Silence is Golden
My friend, Debi Alexander, included this in her Christmas letter. I found it so thought-provoking that I asked her permission to repost it here. Thank you, Debi.
What would happen if I couldn’t talk for nine months? How much could God say to me if I weren’t so busy organizing? What would that look like in my life? I look at Zechariah. Where he was. Where he ended up after his stint of silence. They seem to be two very different places.
He must have known the prophecies; he was a priest after all. But as I read his song, it seems he's undergone a change. When he meets Gabriel, he's full of questions. But after nine mute months, he's full of praise. On board with God. Tracking with His plan a whole lot better than when he was standing in the holy place.
I’ve never thought it fair how Zechariah can say “How can I be sure of this” and be struck mute, and Mary can say “How can this be” and get coddled. I'm one to notice the unfairness of things. Why was one punished for asking but the other not? I don’t really know, but I look at how long it took Mary to get her song together and how long it took Zechariah. Mary is pretty much immediately in a state of humble submission to God's plan. Zechariah needed a journey.
Jesus said “Bring the little children to me, because the kingdom of heaven belongs to such as there.” (Mark 10). I've often contemplated what characteristic it is that Jesus is lauding in children. I work with kids – in my experience, they're better at taking directions than adults (Ever take a class with all teachers in it? We are very good at GIVING directions, but not so good at FOLLOWING THEM!)
Children know that they don’t have all the answers. They know to listen to someone who does. While still listening to their heart to test for hypocrisy. I think Mary, being almost a child herself, had that trait. Her question seems to come more from confusion than disbelief.
But Zechariah. He’s the religious leader. Leader. The one who’s supposed to know. He's in the holy place to worship God and perform his acts of praise. Praise for what? A God who can't work outside the box? So he, of all people, should know that God can do what he says he will do. Yet his questions were filled with disbelief. As he goes into the holy place to offer the incense and prayer, had it felt, for too long, that those prayers hit the ceiling and didn’t go any further? How many times do I feel that I'm praying to deaf ears or more specifically that what I want and what God wants must be two different things? I pray. But I don’t believe. I certainly can't judge Zechariah’s lack of faith.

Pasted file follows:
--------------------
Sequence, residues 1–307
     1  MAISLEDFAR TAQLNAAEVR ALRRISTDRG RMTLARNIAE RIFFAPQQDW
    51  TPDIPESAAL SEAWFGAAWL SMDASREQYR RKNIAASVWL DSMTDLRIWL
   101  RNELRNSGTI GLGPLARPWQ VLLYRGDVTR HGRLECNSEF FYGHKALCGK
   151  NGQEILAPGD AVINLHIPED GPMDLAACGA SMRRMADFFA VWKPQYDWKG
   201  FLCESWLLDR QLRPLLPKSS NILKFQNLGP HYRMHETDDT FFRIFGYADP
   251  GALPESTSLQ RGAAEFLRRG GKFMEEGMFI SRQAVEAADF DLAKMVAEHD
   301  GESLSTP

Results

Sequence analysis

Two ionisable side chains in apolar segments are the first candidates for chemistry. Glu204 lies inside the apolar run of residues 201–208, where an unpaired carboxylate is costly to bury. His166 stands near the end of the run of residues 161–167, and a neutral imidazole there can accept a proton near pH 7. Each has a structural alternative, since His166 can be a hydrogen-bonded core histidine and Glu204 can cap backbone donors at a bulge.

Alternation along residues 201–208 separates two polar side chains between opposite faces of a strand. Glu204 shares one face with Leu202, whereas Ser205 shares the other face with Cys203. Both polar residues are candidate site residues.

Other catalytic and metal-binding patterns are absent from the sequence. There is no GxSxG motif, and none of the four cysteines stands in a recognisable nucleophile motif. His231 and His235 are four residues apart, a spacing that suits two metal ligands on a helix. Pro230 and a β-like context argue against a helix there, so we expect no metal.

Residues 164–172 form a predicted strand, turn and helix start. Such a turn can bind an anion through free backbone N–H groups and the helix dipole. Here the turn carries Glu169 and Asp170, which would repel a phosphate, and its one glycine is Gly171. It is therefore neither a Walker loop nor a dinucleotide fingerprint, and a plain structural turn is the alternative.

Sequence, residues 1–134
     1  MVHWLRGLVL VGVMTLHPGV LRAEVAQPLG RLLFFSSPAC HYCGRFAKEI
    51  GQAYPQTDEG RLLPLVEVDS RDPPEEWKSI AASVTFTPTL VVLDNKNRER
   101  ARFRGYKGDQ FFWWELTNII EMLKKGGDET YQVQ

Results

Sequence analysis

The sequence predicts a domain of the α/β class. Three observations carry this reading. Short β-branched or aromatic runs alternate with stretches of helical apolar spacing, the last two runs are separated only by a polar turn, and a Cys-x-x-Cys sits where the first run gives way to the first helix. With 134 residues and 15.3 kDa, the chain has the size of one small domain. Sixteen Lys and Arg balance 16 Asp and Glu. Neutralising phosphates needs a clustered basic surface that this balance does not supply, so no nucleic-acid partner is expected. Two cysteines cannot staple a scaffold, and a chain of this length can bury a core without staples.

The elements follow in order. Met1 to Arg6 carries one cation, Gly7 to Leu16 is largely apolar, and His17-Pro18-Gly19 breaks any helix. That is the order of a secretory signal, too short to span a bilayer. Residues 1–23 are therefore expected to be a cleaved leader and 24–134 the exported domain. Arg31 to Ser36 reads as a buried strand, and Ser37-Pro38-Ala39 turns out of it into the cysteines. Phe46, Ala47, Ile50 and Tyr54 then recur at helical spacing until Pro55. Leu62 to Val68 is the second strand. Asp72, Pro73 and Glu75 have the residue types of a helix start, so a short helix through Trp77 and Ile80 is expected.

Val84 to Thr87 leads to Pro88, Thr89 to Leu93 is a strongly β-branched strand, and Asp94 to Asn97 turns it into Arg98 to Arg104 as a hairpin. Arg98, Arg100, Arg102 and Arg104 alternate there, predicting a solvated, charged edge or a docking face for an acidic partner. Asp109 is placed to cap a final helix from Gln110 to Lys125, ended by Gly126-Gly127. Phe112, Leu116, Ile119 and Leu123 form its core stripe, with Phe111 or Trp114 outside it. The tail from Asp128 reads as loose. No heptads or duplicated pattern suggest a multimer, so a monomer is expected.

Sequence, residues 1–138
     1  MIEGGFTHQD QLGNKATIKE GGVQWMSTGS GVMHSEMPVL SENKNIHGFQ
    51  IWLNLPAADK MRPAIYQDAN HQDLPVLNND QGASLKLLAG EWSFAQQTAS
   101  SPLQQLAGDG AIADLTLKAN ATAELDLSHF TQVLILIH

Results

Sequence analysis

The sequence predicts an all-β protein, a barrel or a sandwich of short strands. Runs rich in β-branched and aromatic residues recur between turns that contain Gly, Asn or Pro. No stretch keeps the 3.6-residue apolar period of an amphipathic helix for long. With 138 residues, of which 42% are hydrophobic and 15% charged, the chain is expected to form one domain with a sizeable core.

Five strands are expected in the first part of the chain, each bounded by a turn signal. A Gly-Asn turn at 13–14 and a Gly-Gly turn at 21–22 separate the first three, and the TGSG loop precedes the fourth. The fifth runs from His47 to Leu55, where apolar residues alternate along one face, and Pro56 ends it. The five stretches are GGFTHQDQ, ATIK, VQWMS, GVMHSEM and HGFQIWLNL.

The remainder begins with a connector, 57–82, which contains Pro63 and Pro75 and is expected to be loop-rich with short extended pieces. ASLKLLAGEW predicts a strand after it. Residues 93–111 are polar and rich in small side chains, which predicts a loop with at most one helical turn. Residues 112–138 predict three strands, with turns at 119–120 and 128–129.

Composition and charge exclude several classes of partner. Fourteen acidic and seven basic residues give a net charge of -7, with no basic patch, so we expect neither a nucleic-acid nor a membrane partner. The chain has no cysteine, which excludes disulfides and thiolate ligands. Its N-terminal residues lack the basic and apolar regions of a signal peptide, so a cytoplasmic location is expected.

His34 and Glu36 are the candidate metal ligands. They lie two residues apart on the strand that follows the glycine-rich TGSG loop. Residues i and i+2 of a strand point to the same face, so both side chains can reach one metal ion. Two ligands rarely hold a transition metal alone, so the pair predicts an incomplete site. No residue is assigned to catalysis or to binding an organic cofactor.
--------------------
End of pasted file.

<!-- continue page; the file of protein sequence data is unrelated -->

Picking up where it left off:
So God holds his tongue. Punishment? Yes, that’s one angle of it. But I love how God blesses us, even in the curses. Grace? Yes! What might God have shown him in the silent places of those months? How might that silence have broadened Zechariah’s view of God – being quiet before God allowed him to learn more about Him. From Him. Zechariah seems to see God's plan a bit clearer. He also seems a lot more on board with it. The silence has allowed him to align his heart with God's.
Lately, I’ve noticed quiet places missing from my life. Interesting how a season that's meant to focus on God's plan can do such a good job distracting me from it. I want to tune out the noise of my tasks. Turn down the volume of my to-do lists. My causes may be worthwhile, but a heart that is not aligned with God in the midst of them is worthless.
As I read Luke 1, I find myself invited to join the silence. Invited to join the process – however short (like Mary) or long (like Zechariah) – of aligning my heart to God’s purposes. Not my own. Because in the end, that’s what I wanted from the beginning. I wonder what that song will sound like?
1/7/2015 07:58:08 am
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LeAnne Hardy has lived in six countries on four continents. Her books come out of her cross-cultural experiences and her passion to use story to convey spiritual truths in a form that will permeate lives.
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